We’re starting a new series here on the Mindscape blog about tools we use to help you deliver software better. This is part one in an open ended series. This post we’re looking at…
As I’m sure every .NET developer is aware, deployment for web solutions on the .NET platform is pretty poor. This where Octopus really is like a breath of fresh air.
How does it work?
You start by setting up an Octopus server installation, it’s a simple web based system which is easily installed by a friendly setup process. After that is done the next step is to install a small agent service called a Tentacle on each target server we are intending to deploy to.
Octopus requires that you package your deployments using the NuGet package format which is simple enough to do by calling NuGet as part of your build script. To make that even easier Paul also provides an open source project called OctoPack to help automate it. Once you are creating packages you can let Octopus know about them by supplying it with a feed to your packages, this could be as simple as a local folder containing the packages.
In our case TeamCity handily provides a feed of any package artifacts that get created as part of your builds and we stamp the .nuspec file with the version number of the build so that each build gets its own package created. Octopus plays remarkably well with TeamCity.
Octopus handles deployments by first having you create a release. You then select the package you want to release and then choose where you are releasing it to. Rather than picking a specific server Octopus works with a notion of environments so you can have more than one server targetted at a given time and so you can easily manage your releases through test to production. In our case we have 2 test environments and the production environment which we release to. Kicking off a deployment causes the Octopus Server to upload the package to your target servers after which is unpacked and any installation e.g. wiring it up to a known IIS web site is done. To cater for any custom requirements Powershell scripts can be included into the deployment and executed at various points when the deployment is being run.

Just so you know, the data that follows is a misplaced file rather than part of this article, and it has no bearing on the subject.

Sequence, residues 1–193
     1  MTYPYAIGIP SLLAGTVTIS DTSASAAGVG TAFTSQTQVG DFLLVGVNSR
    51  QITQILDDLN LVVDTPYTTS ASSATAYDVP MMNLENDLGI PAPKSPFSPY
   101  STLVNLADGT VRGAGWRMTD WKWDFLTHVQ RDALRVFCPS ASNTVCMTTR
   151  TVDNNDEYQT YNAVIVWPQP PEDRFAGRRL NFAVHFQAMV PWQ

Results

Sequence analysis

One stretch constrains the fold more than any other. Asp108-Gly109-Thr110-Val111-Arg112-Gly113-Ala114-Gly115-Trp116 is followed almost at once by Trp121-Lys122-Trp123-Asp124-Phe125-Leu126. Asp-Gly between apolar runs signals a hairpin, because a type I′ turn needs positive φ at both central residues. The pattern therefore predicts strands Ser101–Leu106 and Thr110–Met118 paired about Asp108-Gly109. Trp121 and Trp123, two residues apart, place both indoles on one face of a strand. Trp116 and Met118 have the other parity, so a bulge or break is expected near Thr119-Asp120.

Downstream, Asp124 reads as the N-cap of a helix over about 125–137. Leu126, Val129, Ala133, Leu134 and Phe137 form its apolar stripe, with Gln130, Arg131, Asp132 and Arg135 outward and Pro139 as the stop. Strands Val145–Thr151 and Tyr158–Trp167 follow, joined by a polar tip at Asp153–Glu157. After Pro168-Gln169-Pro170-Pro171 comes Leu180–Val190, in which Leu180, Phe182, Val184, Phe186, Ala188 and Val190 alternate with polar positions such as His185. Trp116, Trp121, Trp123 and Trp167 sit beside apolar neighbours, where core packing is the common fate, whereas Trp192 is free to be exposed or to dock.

How does this save you time?
Deploying websites took us quite some time and I’m a little ashamed to admit we used to use the publish command in Visual Studio and manually upload a zip file of the result. Then we would back up the files and do an xcopy deploy via Remote Desktop. Yuck!
Here is what Ive noticed since we started using Octopus:
All of these time and sanity saving benefits of Octopus Deploy have already added up to be a significant amount of time saved for us. Hours. Days. Weeks.
Paul has been working on Octopus for a while and it shows. It’s streets ahead of any other deployment product we’ve seen for .NET developers. I could write quite a lot about all the different features that are now supported but it would be better if you just read them yourself: Octopus Deploy.
What’s it going to set me back?
Currently Octopus Deploy is free for one project. It then moves to $349 USD for up to 3 projects. That’s pretty inexpensive anyway you look at it given the time you will save.
We currently use Octopus Deploy for this website and our crash reporting service, Raygun.io.
This is the first in a series. If you have a fantastic time saving developer tool you think could do with some exposure, post in the comments!